Home Entertainment Montclair State Spanish and Latino Studies and Film Forum Presents ‘The Weasels’ Tale’

Montclair State Spanish and Latino Studies and Film Forum Presents ‘The Weasels’ Tale’

by Caitlin Aristizabal

Montclair State University’s Spanish and Latino Studies and Film Forum series recently presented the Argentinian film, “El Cuento De Las Comadrejas” or “The Weasels’ Tale.” The presentation was followed by a student-moderated Q&A session.

Although the film is not set to release in the United States until Dec. 11, 2020, students at Montclair State were able to get a first look on Saturday, Nov. 21.

Directed by Academy Award winner Juan José Campanella, the film falls under a multitude of genres and cannot be put into just one category. A combination of drama, mystery and comedy best describes his latest work.

The film narrows in on Mara, a famous retired actress, reminiscing on her old films from the late 1950s. While the world seems to revolve around her, she also lives with her husband, Pedro, famous screenwriter, Martin and famous director, Norberto. As we are introduced to these characters and their daily motions, two new characters, Barbara and Francisco, appear at the mansion, claiming to be lost.

Graciela Borges stars as Mara and Luis Brandoni stars as Pedro in "The Weasels&squot; Tale." Photo Courtesy of Latido Films

Graciela Borges plays Mara, and Luis Brandoni plays Pedro, in “The Weasels’ Tale.”
Photo courtesy of Latido Films

The men in the house become suspicious of the pair, while Mara is distracted by the attention they give her. It becomes apparent that Barbara and Francisco have evil intentions, leaving the audience at the edge of their seats, wondering if the two can outsmart the rest of the group.

Melanie Ramirez, a sophomore English major, shared her thoughts on the film.

“I absolutely loved this movie,” Ramirez said. “As a Latina, myself, it is so interesting to receive this kind of exposure to Latin films that I don’t really know about. It was so inclusive in terms of love, comedy and drama.”

The Spanish and Latino Studies department has been hosting these virtual film forums over Zoom in response to the coronavirus (COVID-19) pandemic. Each film is then followed by a Q&A session that allows students to share their opinions and engage in a discussion.

Nathalia Rivera, a junior psychology major, is one of many who attend these events.

“I truly enjoy the virtual film forums,” Rivera said. “It’s really interesting to see how different everyone’s perspective of the film can be.”

Jeffrey Lopez, a junior political science and Spanish double major, is grateful that professor Raul Galoppe, the department chair of Spanish and Latino Studies, has been able to put these events together.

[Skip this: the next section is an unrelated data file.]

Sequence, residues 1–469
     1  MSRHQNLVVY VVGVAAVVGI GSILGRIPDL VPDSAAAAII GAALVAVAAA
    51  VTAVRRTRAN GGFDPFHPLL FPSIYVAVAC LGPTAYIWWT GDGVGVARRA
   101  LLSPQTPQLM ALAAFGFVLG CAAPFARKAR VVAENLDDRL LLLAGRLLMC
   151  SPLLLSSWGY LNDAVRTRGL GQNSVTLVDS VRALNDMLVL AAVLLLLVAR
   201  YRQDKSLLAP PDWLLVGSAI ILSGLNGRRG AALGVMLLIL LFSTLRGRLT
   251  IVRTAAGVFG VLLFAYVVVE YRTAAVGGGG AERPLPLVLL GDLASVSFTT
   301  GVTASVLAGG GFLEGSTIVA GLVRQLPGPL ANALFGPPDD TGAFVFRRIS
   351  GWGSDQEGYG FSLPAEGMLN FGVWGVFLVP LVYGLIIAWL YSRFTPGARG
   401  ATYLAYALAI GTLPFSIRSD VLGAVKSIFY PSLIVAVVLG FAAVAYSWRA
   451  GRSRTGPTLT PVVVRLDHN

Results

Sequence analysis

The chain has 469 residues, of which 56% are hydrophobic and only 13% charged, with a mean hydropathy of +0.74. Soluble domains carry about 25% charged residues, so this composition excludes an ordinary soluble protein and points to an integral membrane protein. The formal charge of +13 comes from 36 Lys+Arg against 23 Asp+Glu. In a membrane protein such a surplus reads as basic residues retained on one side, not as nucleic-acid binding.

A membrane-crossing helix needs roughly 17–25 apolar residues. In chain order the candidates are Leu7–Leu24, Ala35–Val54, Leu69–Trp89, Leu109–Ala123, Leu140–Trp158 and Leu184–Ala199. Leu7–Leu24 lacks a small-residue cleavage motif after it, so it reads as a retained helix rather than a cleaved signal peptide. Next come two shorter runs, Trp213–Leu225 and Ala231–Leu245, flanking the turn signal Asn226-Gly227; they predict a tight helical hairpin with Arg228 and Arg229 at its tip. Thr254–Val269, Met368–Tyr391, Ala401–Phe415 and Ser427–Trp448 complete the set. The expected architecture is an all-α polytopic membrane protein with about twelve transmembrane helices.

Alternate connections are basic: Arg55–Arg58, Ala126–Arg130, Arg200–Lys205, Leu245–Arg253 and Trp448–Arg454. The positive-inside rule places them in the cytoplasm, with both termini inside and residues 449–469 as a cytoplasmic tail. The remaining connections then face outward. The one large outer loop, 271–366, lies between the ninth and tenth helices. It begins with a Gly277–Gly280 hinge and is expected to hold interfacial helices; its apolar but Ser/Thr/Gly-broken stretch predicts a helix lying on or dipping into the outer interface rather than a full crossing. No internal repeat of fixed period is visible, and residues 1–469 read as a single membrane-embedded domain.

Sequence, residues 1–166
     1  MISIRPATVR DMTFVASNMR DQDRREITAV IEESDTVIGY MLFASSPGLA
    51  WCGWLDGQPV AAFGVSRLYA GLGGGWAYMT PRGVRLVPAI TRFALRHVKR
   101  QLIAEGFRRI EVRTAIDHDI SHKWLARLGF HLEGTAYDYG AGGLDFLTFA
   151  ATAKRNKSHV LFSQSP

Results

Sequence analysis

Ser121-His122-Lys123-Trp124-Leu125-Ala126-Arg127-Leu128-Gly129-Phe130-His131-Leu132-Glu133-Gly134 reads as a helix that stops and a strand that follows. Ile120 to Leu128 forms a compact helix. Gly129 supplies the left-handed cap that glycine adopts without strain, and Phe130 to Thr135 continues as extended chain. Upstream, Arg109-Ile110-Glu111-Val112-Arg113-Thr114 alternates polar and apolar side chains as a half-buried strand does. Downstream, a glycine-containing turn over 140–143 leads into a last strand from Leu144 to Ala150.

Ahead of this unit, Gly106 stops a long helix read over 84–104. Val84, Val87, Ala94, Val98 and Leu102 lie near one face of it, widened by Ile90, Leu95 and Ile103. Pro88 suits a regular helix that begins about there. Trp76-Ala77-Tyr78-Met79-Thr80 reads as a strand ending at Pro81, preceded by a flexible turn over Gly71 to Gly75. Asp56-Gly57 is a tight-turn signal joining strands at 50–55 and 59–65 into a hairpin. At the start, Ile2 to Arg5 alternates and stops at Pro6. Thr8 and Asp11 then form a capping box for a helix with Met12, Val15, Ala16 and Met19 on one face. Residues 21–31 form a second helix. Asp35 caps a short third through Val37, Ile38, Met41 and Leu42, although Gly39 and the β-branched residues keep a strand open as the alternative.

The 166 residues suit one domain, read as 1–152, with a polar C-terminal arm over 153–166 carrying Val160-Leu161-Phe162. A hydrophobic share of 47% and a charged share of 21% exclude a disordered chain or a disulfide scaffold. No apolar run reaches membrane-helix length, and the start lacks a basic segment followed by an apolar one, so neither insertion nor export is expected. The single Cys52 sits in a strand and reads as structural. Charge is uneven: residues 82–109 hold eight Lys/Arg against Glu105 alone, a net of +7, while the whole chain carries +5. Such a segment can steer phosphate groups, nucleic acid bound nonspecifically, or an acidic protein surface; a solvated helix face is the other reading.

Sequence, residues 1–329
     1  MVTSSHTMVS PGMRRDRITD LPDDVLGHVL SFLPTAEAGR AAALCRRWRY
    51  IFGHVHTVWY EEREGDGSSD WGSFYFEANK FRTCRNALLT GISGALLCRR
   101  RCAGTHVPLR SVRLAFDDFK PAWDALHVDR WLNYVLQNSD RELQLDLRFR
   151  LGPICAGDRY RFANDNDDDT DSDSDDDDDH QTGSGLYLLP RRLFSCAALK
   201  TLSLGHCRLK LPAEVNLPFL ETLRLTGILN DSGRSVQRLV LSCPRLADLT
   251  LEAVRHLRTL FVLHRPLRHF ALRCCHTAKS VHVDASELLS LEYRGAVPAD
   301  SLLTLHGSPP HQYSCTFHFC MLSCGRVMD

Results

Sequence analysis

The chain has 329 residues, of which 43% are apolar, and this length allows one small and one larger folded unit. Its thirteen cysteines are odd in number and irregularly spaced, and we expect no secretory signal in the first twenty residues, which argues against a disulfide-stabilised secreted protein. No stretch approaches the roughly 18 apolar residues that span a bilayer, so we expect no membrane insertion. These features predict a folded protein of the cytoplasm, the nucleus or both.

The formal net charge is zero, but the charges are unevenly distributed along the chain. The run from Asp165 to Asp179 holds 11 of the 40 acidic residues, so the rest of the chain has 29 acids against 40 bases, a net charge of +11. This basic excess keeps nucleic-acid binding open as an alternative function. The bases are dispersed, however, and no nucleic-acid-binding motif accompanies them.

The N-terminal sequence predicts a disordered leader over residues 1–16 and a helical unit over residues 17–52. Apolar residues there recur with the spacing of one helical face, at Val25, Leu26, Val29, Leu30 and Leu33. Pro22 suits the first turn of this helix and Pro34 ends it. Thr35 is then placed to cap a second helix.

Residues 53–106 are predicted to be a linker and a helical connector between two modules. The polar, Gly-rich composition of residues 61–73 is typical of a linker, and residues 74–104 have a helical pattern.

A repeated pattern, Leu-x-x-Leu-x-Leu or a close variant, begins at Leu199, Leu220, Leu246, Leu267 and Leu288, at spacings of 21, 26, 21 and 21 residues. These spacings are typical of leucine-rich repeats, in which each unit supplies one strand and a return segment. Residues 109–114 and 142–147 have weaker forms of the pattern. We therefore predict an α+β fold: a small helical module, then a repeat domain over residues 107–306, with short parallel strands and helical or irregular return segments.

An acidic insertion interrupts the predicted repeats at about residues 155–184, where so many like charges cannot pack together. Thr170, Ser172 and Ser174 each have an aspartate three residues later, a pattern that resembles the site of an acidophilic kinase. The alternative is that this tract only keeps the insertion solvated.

“The [Latin American and Latino studies] virtual film forums have allowed for students to be able to share and discuss Latin films,” Lopez said. “It really brings us all together, despite being on a screen. Galoppe’s picks are amazing and full of nuance. I am always more than happy to spend my Saturday watching great films with my classmates.”

Melanie Garcia, a junior psychology major, acted as the student moderator during the Q&A session. A double minor in Latin American and Latino studies and in gender, sexuality and women’s studies, Garcia was asked by Galoppe to moderate the event after taking one of his classes.

“Moderating the Q&A was a great opportunity for me to continue interacting with similar material outside of class,” Garcia said. “Additionally, the discussion itself allowed me to open up new dialogues and gain perspectives from other people, which are some things I’m always looking to do. It helps that the film was very entertaining, so I looked forward to sharing my thoughts as well.”

One of the most interesting aspects of “The Weasels’ Tale” is the dialogue. The characters talk with wit and elegance, like something out of an old film.

Garcia felt that the dialogue was a way for the characters to “relive their youth and old stardom.” It is done in a natural way and further differentiates them from the younger characters, Barbara and Francisco, who are interrupting their time-frozen world.

The cinematography is particularly striking during one scene where Mara is standing in front of the projection of one of her old films. The image of her younger self appears over her face, highlighting the woman she cannot seem to let go of. It is quite an emotional scene, captured in a beautiful manner.

From funny one-liners to a mysterious and dramatic storyline, “El Cuento De Las Comadrejas” or “The Weasels’ Tale” has something for everyone to enjoy.

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